John Carpenter’s hilarious cult favourite began as his film school thesis. Four astronauts are twenty years into their mission to blow up unstable planets; their ship is radioactive, their captain is in the deep freeze, and they’re all out of toilet paper. Highlights include a philosophical debate with a self-destructive smart bomb, and an episode with an alien lifeform resembling nothing so much as an angry beachball.
Carpenter would progress to turn Howard Hawks’ western Rio Bravo into the urban thriller Assault on Precinct 13, went on to helm the horror hit Halloween, remake Hawks’ The Thing, and wrote and directed many another genre classic. Screenwriter Dan O’Bannon reworked this scenario into a very different film with a very similar story: Alien.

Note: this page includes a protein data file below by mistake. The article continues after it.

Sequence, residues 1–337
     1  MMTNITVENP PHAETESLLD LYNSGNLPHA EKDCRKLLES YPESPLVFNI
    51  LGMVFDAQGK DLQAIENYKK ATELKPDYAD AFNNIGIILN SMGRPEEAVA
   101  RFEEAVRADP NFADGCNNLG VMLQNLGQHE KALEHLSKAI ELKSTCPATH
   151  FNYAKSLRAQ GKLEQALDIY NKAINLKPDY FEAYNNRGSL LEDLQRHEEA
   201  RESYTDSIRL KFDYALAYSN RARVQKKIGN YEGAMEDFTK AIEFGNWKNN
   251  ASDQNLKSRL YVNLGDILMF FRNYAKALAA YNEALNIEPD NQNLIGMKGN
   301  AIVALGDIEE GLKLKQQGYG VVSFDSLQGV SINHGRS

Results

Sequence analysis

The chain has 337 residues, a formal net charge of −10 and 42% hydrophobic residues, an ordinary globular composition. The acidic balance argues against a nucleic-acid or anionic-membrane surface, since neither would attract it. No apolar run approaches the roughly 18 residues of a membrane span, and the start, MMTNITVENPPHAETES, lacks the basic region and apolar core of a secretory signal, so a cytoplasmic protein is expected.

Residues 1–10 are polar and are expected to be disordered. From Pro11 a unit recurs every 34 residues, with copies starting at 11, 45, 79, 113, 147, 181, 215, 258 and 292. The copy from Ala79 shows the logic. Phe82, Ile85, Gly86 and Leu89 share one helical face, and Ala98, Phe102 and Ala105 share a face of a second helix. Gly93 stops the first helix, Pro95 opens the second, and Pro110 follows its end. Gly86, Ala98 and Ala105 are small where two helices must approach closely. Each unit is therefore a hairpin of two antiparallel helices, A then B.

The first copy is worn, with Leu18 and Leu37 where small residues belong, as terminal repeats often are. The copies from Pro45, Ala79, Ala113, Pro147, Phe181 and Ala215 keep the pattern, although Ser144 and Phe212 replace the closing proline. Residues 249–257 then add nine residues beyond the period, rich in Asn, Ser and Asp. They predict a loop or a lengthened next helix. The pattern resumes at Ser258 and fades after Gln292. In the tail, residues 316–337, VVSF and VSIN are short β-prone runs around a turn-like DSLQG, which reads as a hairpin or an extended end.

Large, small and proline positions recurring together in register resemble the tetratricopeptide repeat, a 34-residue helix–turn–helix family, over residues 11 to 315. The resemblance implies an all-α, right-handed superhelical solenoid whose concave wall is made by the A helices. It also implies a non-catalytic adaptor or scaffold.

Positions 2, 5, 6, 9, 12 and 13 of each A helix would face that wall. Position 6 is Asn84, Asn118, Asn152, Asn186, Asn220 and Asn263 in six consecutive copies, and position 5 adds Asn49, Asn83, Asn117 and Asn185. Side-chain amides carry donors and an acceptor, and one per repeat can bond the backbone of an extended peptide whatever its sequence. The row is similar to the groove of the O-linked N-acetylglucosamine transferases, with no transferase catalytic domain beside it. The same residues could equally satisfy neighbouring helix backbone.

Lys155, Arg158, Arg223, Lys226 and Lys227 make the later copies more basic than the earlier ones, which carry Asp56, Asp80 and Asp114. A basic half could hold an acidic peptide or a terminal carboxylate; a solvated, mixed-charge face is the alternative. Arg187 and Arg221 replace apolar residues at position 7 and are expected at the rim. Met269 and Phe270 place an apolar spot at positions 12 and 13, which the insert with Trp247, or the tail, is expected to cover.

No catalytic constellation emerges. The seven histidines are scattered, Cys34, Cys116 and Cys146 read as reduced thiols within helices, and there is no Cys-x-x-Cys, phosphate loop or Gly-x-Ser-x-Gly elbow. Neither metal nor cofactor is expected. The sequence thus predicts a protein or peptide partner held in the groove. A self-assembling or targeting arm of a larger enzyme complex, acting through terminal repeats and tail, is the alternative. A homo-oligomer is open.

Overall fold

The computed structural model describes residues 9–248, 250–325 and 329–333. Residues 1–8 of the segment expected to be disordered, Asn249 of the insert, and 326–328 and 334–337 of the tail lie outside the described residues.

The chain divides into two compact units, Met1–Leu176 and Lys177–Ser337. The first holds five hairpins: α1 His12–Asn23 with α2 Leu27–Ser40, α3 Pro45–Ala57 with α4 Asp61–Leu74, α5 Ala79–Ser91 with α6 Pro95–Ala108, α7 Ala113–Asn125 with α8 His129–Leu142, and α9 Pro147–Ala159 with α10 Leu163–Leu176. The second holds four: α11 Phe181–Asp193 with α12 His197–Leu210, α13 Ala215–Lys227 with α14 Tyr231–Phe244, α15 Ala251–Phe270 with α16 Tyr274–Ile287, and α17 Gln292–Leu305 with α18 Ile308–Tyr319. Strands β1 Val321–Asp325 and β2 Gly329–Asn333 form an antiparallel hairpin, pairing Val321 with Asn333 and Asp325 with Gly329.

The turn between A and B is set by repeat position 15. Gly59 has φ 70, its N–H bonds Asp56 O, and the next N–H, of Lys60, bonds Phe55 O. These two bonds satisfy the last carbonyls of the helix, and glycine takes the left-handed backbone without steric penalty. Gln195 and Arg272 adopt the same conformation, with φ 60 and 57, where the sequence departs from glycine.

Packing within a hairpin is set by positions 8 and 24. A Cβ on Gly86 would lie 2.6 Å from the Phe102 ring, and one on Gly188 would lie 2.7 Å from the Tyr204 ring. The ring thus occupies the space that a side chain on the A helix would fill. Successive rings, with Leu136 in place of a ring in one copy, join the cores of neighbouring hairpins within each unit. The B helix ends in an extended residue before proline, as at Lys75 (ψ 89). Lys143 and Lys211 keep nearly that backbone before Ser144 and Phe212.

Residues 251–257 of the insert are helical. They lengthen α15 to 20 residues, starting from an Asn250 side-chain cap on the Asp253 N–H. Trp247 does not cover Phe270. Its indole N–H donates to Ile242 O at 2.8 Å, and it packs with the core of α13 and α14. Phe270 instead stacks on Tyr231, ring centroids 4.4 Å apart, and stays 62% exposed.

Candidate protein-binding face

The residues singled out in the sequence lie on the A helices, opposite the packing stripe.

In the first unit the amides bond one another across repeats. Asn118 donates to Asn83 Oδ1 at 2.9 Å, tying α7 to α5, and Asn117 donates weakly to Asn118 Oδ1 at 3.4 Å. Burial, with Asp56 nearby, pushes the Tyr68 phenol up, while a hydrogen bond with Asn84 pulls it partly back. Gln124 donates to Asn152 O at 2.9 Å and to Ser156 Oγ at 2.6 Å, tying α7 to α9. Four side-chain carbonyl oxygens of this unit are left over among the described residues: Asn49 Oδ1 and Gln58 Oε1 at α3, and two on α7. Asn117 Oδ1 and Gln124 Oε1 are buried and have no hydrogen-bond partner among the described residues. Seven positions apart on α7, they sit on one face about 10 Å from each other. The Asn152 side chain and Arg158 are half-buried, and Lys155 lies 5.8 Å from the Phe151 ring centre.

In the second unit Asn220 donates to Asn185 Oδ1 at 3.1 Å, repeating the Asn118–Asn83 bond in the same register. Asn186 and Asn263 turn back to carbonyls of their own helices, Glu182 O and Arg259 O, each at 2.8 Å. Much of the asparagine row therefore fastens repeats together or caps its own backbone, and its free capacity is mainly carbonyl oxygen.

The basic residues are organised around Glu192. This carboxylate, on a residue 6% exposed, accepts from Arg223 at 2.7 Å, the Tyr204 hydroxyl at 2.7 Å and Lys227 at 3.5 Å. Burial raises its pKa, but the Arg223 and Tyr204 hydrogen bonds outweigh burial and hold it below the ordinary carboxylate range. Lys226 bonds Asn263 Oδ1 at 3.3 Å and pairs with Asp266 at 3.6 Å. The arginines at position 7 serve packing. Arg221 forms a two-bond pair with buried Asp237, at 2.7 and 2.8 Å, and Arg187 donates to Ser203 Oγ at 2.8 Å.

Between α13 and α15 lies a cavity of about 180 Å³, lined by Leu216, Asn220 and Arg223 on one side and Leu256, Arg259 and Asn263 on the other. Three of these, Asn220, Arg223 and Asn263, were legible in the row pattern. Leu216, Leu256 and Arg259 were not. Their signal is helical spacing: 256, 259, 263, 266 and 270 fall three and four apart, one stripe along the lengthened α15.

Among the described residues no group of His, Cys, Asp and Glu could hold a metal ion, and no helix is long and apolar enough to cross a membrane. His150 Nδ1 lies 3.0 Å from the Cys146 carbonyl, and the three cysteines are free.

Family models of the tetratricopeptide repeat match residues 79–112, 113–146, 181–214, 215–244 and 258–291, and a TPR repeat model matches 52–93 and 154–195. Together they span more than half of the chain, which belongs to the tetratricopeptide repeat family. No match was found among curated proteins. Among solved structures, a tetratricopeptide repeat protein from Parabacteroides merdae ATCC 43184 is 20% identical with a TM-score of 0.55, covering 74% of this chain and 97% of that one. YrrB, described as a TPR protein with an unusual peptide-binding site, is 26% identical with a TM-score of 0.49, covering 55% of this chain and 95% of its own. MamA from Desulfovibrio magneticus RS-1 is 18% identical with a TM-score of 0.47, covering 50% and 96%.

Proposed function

Comedy and sci-fi rarely mix… John Carpenter’s debut movie Dark Star is almost unique in getting its laughs naturally from the desperate situation of its protagonists and their conflicting characters. But alongside the gags Dark Star has at its heart a strangely touching sense of the loneliness and isolation that must accompany space travel. It also originated the grungy, ’realistic’ look to the future which would influence both Blade Runner and Alien.
Adam Smith, Empire
July 20 & 23: Introduction from filmmaker Will Ross
Jack H. Harris
John Carpenter, Dan O’Bannon